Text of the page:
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    In a phased-array antenna with a very large number of regularly-spaced radiating elements, the gain realized at the beam peak is equal to the number of elements times the gain realized in the same direction when only one typical element is excited. The ideal radiation pattern of one such element in a large planar array has a cosine variation of gain with angle when the elements are closely spaced, and has a peak value of gain equal to 4\pi A/\lambda ^{2} where A is the area allotted to each element. The active impedance of each element in a practical phased array varies with scan angle, because of mutual coupling between the elements. The associated mismatch causes power to be returned to the generators, thereby reducing the gain realized by the array and by the element. The element pattern, measured in the proper environment of surrounding elements, deviates from the ideal pattern in proportion to this effect. Mutual coupling is inherently unavoidable in a closely-spaced infinite array of elements; for example, in a square array with less than \lambda /\sqrt {2} spacing. There is a loss of element efficiency caused by the coupling, and since coupling increases with closer spacing, this accounts for the lower gain expected from ideal elements with reduced allotted area. Grating lobes can exist when the elements are not closely spaced; for example, in a square array with more than \lambda /2 spacing. In this case, the ideal pattern is truncated to discriminate against grating lobes; this gives the higher gain expected from ideal elements with larger allotted area. It is concluded that in a phased-array antenna having a very large number of regularly-spaced radiating elements, perfect impedance match for all scan angles can be postulated for every typical element without encountering any real discrepancy in the determination of element gain. In the absence of grating lobes, such an antenna would realize the greatest possible gain for all scan angles. View full abstract»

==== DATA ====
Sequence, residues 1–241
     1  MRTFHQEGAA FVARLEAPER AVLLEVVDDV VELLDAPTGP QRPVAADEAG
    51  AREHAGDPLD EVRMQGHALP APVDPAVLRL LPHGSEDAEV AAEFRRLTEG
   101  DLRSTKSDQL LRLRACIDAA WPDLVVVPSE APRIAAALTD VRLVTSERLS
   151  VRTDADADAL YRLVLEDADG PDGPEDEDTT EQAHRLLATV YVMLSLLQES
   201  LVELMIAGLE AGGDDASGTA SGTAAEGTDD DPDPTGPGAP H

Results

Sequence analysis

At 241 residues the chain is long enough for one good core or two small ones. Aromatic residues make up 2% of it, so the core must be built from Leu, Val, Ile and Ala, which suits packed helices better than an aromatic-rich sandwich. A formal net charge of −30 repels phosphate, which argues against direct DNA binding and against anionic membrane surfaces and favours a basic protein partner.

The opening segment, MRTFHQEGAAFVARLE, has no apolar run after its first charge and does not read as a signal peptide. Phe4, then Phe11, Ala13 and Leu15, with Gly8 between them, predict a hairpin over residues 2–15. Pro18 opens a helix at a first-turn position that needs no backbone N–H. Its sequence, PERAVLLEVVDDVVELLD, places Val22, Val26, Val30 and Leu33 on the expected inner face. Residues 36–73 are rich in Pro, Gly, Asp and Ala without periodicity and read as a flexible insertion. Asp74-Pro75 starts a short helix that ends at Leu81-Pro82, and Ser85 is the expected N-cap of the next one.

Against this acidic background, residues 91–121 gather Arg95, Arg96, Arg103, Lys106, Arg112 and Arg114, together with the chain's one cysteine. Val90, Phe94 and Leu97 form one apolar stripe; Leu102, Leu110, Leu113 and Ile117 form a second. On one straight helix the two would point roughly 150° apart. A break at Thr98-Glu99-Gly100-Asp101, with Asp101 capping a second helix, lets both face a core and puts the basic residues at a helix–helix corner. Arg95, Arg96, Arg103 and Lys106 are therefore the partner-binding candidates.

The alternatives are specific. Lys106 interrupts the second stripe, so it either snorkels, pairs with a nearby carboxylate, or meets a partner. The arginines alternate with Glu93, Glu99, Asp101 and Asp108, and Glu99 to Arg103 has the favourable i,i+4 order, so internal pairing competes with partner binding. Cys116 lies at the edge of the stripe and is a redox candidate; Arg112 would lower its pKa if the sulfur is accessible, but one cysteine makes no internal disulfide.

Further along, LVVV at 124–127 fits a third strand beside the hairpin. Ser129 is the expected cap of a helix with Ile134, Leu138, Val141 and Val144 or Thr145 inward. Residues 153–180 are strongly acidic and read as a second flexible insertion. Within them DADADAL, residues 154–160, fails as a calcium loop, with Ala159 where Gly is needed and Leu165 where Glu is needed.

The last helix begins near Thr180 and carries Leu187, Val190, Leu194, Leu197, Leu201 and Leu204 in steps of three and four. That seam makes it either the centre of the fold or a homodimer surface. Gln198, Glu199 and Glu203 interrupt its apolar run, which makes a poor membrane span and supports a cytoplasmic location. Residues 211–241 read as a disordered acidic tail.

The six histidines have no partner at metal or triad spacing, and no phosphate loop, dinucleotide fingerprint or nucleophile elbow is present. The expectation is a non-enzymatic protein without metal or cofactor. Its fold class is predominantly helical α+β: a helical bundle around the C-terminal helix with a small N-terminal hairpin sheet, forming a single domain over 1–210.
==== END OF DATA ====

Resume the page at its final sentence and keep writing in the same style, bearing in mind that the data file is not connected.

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  • Pattern synthesis with nonseparable aperture fields

    Publication Year: 1964 , Page(s): 502 - 503
    Cited by:  Papers (2)
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  • A field equivalence theorem for linear magnetoionic media

    Publication Year: 1964 , Page(s): 511 - 512
    Cited by:  Papers (1)
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  • Pulsed electromagnetic wave propagation in dispersive media

    Publication Year: 1964 , Page(s): 494 - 496
    Cited by:  Papers (28)
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  • The effect of a conducting half-plane sheet on the radiation patterns of dolph-chebyshev arrays

    Publication Year: 1964 , Page(s): 455 - 458
    Cited by:  Papers (1)
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    The radiation patterns of end-fire and broadside Dolph-Chebyshev arrays radiating in the presence of a conducting half-plane sheet have been calculated. Several values of the angle of incidence of these arrays with respect to the conducting half-plane sheet have been considered. These results are presented graphically and it can be seen that there is considerable distortion of the original pattern caused by the half-plane sheet. In general, when the main beam is directed toward the edge of the haft-plane sheet it is either partially reflected or split into several lobes. View full abstract»

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  • An accurate absolute gain calibration of an antenna for radio astronomy

    Publication Year: 1964 , Page(s): 439 - 447
    Cited by:  Papers (7)